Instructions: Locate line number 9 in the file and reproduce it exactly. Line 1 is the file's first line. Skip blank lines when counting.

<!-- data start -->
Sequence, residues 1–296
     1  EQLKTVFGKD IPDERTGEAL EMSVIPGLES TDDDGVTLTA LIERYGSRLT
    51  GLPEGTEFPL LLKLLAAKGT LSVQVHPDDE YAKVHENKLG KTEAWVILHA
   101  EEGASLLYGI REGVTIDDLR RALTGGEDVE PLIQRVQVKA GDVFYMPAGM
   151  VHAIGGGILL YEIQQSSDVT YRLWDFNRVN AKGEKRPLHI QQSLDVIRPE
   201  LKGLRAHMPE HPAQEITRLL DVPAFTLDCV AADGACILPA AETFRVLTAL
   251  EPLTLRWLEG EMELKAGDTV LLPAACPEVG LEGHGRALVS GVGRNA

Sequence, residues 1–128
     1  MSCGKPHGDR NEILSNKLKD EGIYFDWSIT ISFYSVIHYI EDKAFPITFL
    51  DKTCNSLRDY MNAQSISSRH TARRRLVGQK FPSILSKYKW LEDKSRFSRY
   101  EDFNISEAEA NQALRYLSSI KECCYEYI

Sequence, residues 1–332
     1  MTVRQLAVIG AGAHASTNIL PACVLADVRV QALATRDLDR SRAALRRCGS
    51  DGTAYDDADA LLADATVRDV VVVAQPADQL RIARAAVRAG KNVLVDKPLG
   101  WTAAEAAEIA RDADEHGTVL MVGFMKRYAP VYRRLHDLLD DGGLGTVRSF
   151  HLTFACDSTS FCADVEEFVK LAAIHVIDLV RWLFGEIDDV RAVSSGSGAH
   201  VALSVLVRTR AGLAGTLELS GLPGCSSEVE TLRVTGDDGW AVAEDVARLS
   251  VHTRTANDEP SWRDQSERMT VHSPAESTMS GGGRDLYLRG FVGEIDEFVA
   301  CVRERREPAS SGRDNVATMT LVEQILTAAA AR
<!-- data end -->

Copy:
     1  MSCGKPHGDR NEILSNKLKD EGIYFDWSIT ISFYSVIHYI EDKAFPITFL